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The “New Normal”

by | Sep 28, 2020 | Formation | 0 comments

We are very carefully moving out of a situation of quarantine and there is now talk about returning to a “new normal.” We can more or less understand the meaning of this with regard to the rhythm of society, factories, business, etc. … but what is meaning of those words for our lives and for the Christian vision of the present and future which we are to build? The “new normal” implies hygienic care, social distancing… what should be different about the manner in which we live and act as disciples and apostles of Jesus Christ?

In this regard Pope Francis has stated: When we come out of this pandemic, we will no longer be able to do what we have been doing, how we have been doing it. No, everything will be different. All the suffering will have been pointless if we do not build together a more just, more equitable, more Christian society, not in name, but in reality, a reality that leads us to Christian behaviour. If we do not work to end the pandemic of poverty in the world, the pandemic of poverty in the country of each one of us, in the city where each of us lives, this time will have been in vain (Video Message for the Feast of Pentecost 2020).

We need a more just world, a world in which there is greater unity and solidarity … that is the great lesson that many people will remember as a result of this painful experience. This is not some new discovery. Indeed, Jesus made that reality clear in numerous ways. We need simply recall Jesus’ words to one of the experts in Jewish religious law: Now go and do the same (Luke 10:37) … in other words, do what the Good Samaritan did; care for your wounded brothers and sisters lying on the side of the road; become responsible for the wounds of your neighbor. The new element about this pandemic is that it has brought into the light the shortcomings and weaknesses of the world that we had been building and of which, in many aspects, we were proud. Now, more than ever, it is clear that we need to “globalize” solidarity, justice and the dignity of people. Perhaps the word “solidarity” is the one that has been most repeated in reflections at every level. Nations and individuals appealed to the sense of solidarity in order to halt the transmission of the virus and to be able to have at hand the necessary supplies for health care. It was incredible to witness the solidarity expressed by the Henry Reeve International Contingent of Doctors, a team of Cuban doctors and nurses who worked in twenty-one countries to combat COVID-19. In the midst of the global health crisis. This effort by a small country has brought hope and inspiration to many people around the world.

In Mexico, invited by local government officials, two groups of this International Contingent worked in Veracruz and Mexico City. Those doctors and nurses were “infected with the solidarity virus” and the local newspapers, touched by their graciousness, wrote about their efforts. Again, solidarity appears as the fundamental teaching of this painful experience. Incidentally, there is a formal petition requesting that the 2021 Nobel Peace Prize be awarded to this international group of medical professionals “in recognition of their magnificent solidarity and disinterest, saving thousands of lives by placing their own lives in danger.”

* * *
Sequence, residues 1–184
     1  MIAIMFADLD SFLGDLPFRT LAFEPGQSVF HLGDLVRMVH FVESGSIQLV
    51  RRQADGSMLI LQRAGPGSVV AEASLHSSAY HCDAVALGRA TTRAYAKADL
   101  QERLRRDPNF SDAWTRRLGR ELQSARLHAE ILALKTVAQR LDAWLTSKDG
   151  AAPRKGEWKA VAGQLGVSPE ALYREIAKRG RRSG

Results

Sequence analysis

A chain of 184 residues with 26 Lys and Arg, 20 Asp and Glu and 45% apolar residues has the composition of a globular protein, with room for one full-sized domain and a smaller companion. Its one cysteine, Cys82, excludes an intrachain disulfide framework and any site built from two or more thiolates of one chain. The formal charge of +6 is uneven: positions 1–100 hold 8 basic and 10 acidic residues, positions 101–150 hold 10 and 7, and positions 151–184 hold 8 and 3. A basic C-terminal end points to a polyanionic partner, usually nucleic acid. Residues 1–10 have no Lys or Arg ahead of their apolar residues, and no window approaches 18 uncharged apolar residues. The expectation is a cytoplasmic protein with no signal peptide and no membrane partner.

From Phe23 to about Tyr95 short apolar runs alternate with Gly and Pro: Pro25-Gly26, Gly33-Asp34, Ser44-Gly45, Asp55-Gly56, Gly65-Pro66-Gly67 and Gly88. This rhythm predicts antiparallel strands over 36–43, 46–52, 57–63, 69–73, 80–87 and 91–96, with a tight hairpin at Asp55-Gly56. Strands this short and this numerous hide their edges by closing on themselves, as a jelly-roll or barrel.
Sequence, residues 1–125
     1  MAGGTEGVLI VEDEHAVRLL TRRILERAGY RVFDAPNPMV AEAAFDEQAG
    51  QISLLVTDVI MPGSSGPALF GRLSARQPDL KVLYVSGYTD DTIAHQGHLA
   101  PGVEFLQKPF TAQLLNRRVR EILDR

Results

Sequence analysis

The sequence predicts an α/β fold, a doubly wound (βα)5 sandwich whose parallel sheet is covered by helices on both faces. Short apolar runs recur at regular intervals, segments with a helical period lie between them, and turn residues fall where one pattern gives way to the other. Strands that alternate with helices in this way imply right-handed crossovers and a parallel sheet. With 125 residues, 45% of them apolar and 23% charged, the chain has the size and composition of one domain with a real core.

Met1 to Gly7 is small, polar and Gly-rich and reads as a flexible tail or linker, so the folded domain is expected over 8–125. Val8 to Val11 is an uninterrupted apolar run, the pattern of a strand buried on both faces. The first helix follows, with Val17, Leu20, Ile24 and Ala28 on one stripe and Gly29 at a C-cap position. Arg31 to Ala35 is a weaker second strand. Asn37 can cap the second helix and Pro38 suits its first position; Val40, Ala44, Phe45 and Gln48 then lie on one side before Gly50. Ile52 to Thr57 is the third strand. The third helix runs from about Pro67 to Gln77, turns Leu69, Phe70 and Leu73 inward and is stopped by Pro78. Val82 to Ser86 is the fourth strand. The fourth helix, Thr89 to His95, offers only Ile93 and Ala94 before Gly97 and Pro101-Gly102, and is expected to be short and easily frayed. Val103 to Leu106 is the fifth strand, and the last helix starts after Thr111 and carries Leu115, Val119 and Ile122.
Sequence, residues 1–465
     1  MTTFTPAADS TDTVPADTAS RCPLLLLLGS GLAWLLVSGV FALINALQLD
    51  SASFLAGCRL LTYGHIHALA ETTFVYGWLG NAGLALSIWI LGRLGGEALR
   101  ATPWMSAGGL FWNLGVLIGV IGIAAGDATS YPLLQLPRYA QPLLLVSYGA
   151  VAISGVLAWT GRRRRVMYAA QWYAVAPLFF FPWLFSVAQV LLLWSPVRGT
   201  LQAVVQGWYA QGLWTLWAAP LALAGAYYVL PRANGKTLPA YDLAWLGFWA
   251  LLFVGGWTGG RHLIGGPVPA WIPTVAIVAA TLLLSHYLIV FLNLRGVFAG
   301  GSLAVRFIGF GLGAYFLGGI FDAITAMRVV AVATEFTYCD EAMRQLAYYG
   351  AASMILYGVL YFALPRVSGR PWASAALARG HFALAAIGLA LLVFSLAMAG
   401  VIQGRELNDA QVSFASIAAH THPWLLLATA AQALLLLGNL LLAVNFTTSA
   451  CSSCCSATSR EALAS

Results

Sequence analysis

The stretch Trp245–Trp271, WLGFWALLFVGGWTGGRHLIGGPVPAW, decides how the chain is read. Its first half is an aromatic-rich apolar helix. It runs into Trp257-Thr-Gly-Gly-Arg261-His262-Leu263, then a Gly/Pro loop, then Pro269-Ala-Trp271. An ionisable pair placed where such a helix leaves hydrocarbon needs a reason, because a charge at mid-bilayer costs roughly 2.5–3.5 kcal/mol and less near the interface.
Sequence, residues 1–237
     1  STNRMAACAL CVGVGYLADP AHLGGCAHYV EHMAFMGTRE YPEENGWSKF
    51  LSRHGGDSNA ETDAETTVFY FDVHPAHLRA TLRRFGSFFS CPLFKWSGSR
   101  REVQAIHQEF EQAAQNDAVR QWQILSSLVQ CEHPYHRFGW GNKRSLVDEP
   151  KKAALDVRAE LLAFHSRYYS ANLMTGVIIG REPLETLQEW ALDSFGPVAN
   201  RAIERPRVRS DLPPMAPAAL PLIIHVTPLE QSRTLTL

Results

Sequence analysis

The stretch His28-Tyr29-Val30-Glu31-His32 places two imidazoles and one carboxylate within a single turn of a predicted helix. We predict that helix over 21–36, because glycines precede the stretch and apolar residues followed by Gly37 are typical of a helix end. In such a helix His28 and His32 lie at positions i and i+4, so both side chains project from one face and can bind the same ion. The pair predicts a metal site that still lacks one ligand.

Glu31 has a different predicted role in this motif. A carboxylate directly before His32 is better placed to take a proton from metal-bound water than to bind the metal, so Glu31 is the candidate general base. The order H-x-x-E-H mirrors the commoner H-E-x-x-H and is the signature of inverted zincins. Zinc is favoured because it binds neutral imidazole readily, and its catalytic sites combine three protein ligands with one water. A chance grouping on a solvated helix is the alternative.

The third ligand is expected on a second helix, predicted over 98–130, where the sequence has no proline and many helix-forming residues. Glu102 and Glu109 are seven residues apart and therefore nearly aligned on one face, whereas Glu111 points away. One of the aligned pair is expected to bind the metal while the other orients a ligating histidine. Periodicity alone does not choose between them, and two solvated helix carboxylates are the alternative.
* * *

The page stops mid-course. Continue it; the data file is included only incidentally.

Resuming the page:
It remains to be seen how much solidarity the world powers will show to make the anti-Covid 19 vaccine available to everyone, even those living in the poorest nations.

In summary, all of us, nations and individuals, believers and non-believers, will have to become ever more aware of our surroundings and more willing to enter into solidarity with the least of our sisters and brothers, otherwise we will not have learned anything.

We are being challenged to grow on a daily basis and cultivate a new sensitivity regarding solidarity and fraternal relationships. Yes, we must become more aware of the reality that we live on the same planet and share its destiny, aware that we all share the same dignity and have to move towards unity. This new awareness of the interdependence between nations and peoples must be established and constantly strengthened … a radical and painful revelation of the epidemic.

There is a revealing story in this regard. Army Colonel Jason Denney had to spend long weeks hospitalized in Orlando, Florida, a victim of COVID-19. He could see no one but those who cared for him. But in the midst of this situation, a Guatemalan woman, Rosaura Quinteros, appeared. She was in charge of cleaning his room. Jason was in critical condition and had given up hope of recovery, but he says that Rosaura encouraged him to continue to fight and reminded him that his life was not only in the hands of the doctors but, above all, was in the hands of God. In the midst of severe pain that was suffered in solitude, he began to look forward to the arrival of this woman in order to exchange, if only for a few minutes, some words that left him encouraged to continue fighting.

In another context Rosaura would have been “invisible”, but in this case she was revealed as a necessary presence for continued life and health. The bond that developed between these two individuals brought a ray of light to the life of the military man … Once recovered, Jason said, “I don’t think she realized what she was doing for me. She was saving my life. I would love to see her again and say ‘thank you!’” For her part, Rosaura stated: “I felt very sorry for him, and I wanted to make sure he knew that he was not alone.

Solidarity, unity, humanness, brothers and sisters … these must be the words (and actions) that guide our “new normal.”

Source: “Evangelio y Vida,” comentarios a los evangelios. México.
“Gospel and life,” commentaries on the gospels, Mexico
Silviano Calderón Soltero, CM

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